‘I That it is true that plaintiff, Patrick Thornton, is now, and since the 28th day of January, 1957, has been, the owner and locator of the lode mining claim situated in the Dale Mining District, County of San Bernardino, State of California, and more particularly described as follows: [Here follows detailed description.]’

‘II That all the allegations and averments of plaintiff's complaint are true; that all of the denials of defendants' answer and all of the allegations and averments of said answer and all of the allegations and averments of defendants' cross-complaint adverse to and inconsistent with plaintiff's complaint are untrue; that all of the denials of plaintiff's answer to defendants' cross-complaint and all the allegations and averments of said answer are true.’

‘I That the plaintiff is the owner and locator, and entitled to exclusive possession of, the lode mining claim hereinbefore and in the plaintiff's complaint herein described; as against the defendants, all and severally, and all persons claiming and to claim the same, or any part of said claim, under them, the said defendants, or either of them, and that neither of said defendants Lillie Pulos and Con Pulos, has any right, title or interest in or to said lode mining claim, or any part thereof.’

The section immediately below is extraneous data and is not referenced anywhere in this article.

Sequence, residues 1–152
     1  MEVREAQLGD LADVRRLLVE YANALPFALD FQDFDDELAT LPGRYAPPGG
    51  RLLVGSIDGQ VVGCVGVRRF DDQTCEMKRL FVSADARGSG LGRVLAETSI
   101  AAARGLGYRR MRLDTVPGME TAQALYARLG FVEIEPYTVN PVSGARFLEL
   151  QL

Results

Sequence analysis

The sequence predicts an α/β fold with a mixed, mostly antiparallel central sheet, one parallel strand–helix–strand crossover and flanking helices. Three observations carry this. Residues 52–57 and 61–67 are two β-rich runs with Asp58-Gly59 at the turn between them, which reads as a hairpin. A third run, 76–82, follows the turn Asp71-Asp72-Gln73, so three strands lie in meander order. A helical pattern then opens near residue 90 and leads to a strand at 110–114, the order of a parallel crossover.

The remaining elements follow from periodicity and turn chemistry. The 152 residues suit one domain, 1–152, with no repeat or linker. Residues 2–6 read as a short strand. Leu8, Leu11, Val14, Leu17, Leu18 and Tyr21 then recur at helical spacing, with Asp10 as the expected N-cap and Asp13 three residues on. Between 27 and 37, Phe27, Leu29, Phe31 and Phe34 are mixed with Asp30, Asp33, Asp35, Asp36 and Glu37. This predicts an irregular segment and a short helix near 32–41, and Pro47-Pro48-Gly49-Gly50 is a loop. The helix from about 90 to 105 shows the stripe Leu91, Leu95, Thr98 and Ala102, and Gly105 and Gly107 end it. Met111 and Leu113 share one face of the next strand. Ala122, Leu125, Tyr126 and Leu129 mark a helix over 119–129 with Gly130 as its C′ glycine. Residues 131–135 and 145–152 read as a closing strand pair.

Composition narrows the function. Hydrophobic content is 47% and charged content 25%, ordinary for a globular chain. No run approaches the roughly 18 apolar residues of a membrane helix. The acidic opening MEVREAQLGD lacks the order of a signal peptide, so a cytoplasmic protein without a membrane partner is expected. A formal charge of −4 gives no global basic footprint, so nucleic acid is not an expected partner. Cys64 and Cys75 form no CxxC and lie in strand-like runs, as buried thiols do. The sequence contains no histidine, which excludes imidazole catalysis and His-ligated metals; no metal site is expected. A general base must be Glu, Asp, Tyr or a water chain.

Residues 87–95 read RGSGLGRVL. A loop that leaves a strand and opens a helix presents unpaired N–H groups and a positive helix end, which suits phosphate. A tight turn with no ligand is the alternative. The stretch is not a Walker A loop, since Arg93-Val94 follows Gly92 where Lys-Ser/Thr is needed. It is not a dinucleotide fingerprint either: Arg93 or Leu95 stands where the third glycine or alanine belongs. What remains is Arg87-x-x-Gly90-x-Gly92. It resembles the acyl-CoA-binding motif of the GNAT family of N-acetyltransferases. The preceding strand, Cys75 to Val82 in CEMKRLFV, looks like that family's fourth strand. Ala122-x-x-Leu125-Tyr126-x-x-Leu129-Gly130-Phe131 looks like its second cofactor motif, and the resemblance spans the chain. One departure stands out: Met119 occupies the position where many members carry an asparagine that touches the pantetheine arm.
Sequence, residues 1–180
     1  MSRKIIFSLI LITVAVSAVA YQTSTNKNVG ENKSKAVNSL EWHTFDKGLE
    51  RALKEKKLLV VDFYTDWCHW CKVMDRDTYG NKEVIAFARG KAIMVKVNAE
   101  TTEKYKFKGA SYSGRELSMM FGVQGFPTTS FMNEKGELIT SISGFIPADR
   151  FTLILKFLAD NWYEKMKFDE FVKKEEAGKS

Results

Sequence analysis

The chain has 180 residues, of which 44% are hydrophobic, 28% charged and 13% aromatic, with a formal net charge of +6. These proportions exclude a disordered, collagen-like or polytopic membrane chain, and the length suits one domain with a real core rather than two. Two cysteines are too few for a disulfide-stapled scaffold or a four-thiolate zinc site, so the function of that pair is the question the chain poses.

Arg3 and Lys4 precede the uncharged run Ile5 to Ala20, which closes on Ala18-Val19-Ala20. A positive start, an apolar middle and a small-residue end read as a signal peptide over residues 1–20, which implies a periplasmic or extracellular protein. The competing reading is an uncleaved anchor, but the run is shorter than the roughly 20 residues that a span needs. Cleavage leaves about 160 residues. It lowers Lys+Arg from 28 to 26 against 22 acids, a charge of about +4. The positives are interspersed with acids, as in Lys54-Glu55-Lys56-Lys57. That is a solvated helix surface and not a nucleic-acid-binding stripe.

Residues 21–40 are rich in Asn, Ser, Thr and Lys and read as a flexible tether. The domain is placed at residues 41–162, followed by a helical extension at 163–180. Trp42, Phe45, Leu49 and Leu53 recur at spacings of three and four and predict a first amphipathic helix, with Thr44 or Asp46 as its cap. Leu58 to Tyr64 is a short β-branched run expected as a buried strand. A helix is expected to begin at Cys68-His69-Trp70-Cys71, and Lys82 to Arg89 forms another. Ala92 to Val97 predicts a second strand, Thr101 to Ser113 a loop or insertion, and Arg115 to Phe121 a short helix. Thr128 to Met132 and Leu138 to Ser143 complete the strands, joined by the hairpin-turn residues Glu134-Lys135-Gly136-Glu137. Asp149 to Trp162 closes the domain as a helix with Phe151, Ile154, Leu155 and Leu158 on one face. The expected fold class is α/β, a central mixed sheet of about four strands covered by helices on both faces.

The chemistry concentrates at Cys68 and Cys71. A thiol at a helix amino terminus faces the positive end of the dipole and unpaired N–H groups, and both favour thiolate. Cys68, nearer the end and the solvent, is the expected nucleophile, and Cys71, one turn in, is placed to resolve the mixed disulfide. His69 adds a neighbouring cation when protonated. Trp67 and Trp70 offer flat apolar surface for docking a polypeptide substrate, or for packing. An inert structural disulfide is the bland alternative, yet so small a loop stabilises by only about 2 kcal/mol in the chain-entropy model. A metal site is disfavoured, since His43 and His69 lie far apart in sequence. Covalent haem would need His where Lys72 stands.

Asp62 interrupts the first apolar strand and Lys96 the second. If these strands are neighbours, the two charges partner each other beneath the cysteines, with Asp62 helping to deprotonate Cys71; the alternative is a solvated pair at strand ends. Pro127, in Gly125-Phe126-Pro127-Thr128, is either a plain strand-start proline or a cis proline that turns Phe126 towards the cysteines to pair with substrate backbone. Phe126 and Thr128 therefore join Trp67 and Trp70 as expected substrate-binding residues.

Then follow the real conclusions of law under paragraphs II and III of ‘Conclusions of Law’, whereby the court, in essence, finds that plaintiff is entitled to the decree prayed for, including a permanent injunction against further interference by defendants.

Findings, which Leave Material Ambiguities May Require Reversal